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Friday, January 27, 2012

How to put any directory under SVN revision control using a self-contained repository

Okay, I've not found this elsewhere so I'm writing a post about how I did it.
The tipical SVN scenario is when you and other people are working on shared files by checking out any number of working copies from a repository,
$ svn checkout /home/me/src/project4/working_copy3
modifying the files and then committing the changes and let the revision control system manage conflicts and merge the updates.
$ svn commit -m "Corrected number of cheese slices."
In this scenario the best place for the repository is in a dedicated and secured server, it doesn't make any sense to have the repository inside its working copy: you want to feel free to make any kind of disaster and even delete the whole directory because you know you can start all over again by checking out a fresh original copy.

But SVN is so simple and powerful that you can let it track any changes that happens on a directory on your own personal computer, for backup or security purposes (think about /etc) or to study what an application does to the the files; and sometimes it may be convenient to create the repository in the same directory that repository is controlling, so you can always backup and move the directory without worrying to break the relationship between the working copy and the repository.
In my case I had an encrypted volume that I mount and unmount in different computers and I wanted to track the changes on this volume even without a network connection, so it turned out that making a self-contained SVN system was the best choice.

There are some simple initial steps to do this, and once completed you can work on the directory as you do usually with any other working copy. Before proceeding just make sure to make a backup of anything you are touching.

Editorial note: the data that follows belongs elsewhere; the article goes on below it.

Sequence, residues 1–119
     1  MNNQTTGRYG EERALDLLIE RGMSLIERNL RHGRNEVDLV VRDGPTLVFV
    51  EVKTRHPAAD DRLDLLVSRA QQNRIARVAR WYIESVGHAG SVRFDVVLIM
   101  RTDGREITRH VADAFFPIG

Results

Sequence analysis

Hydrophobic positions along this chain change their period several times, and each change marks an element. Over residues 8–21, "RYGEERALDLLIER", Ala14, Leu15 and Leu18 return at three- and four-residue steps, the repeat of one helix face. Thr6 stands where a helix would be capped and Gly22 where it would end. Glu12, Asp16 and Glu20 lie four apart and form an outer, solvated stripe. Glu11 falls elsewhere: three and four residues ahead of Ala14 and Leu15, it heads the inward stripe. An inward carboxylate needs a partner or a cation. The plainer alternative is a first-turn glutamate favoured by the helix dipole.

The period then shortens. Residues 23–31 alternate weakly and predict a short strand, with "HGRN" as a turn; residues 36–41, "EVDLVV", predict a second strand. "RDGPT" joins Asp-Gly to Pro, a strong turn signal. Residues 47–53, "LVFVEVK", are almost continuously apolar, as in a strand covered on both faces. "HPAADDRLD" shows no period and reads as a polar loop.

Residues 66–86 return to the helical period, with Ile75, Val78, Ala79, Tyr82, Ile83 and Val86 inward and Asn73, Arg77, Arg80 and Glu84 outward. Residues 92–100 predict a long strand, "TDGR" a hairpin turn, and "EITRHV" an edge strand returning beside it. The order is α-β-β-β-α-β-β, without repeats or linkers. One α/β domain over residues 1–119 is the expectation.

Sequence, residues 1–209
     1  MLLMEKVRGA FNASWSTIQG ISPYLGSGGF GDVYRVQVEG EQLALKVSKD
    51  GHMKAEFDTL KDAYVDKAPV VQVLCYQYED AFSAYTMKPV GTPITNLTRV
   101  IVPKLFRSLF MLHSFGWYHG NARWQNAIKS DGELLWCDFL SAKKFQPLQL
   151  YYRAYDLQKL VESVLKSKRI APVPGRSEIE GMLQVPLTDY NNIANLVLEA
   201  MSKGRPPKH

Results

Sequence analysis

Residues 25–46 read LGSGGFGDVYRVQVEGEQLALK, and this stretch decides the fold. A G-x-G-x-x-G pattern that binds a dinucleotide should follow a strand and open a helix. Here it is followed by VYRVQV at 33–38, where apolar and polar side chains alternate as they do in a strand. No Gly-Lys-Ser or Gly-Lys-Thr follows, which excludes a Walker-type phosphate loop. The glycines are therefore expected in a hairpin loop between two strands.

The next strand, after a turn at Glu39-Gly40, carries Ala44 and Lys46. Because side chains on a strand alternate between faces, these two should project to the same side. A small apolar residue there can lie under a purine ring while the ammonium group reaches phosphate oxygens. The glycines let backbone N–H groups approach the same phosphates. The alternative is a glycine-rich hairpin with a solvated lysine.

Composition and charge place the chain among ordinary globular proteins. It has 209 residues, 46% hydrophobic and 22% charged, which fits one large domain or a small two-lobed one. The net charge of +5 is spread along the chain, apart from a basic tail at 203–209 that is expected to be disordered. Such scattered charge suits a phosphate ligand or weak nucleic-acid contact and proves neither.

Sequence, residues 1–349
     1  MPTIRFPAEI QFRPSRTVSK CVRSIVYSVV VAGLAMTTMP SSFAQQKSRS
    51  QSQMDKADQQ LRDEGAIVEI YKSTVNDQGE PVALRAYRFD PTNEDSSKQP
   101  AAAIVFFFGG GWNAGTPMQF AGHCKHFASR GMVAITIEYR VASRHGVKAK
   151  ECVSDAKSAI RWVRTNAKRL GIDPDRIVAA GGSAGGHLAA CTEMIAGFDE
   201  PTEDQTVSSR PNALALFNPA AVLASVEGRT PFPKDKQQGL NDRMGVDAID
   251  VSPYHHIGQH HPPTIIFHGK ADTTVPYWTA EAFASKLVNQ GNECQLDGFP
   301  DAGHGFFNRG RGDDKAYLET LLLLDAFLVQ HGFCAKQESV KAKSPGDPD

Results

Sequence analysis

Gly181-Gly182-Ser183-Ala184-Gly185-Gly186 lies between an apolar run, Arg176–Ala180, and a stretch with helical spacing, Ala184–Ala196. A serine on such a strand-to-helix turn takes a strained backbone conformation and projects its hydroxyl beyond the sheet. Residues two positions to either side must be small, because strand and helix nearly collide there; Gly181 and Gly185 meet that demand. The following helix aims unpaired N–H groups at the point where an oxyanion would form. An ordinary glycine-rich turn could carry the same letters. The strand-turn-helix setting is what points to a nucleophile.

Suppose "/pwd" is the directory you want to put under revision control, and start creating a SVN repository where you want (since it will be moved later, I'll place it under /tmp):
$ svnadmin create /tmp/repo/
then import /pwd in this repository and remove it if successfully imported:
$ svn import /pwd/ file:///tmp/repo/ -m '[/] Start tracking all changes within pwd' && rm -fr /pwd/
Now if you check it out you'll have just put /pwd under revision control:
$ svn checkout file:///tmp/repo/ /pwd/

If you are working on a "live" directory (such as /etc on a busy system), it's not very safe to simply import and delete it because some files may need to change before you check out. So on a "live" directory we'll do it slightly differently:
$ svnadmin create /tmp/repo/
$ svn import /pwd/ file:///tmp/repo/ -m '[/] Start tracking all changes within pwd'
we'll check out under another temporary path
$ svn checkout file:///tmp/repo/ /tmp/pwd/
and move just the SVN system folders into the "live directory":
$ find /tmp/pwd/ -type d -name ".svn" -exec mv -vi {} /pwd/ \;
NOTE: In a Mac OS environment, use 'ditto' instead of 'mv':
$ cd /tmp/pwd/
$ find . -d -type d -name ".svn" -exec ditto {} /pwd/{} \;
$ cd ~-
Now /pwd is effectively a working copy and you can update the files that changed in the meanwhile, and get rid off the other working copy /tmp/pwd:
$ rm -fr /tmp/pwd/

And here comes the part to move the repository inside the working copy:
Change to /pwd/ and update (only needed if it was a "live" directory)
$ cd /pwd/ && svn update
tell SVN to ignore the folder ".repo" where we will put the repository, and commit.
$ svn propset svn:ignore .repo .
$ svn commit -m '[/] svn propset svn:ignore .repo .'
At this point, instead of just moving the repository in "/pwd/.repo", we make a precautionary step to ensure that if we are working on a "live" directory no changes would be lost when we relocate the repository: first we symlink the repository,
$ ln -s /tmp/repo/ .repo
then we tell what is the new location of the SVN repository
$ svn switch --relocate file:///tmp/repo/ file:///pwd/.repo/
and only after making the switch we effectively move it replacing the symlink all at once
$ rm /pwd/.repo && mv -vf /tmp/repo/ /pwd/.repo/
Now you have a self-contained revision control of the current directory.

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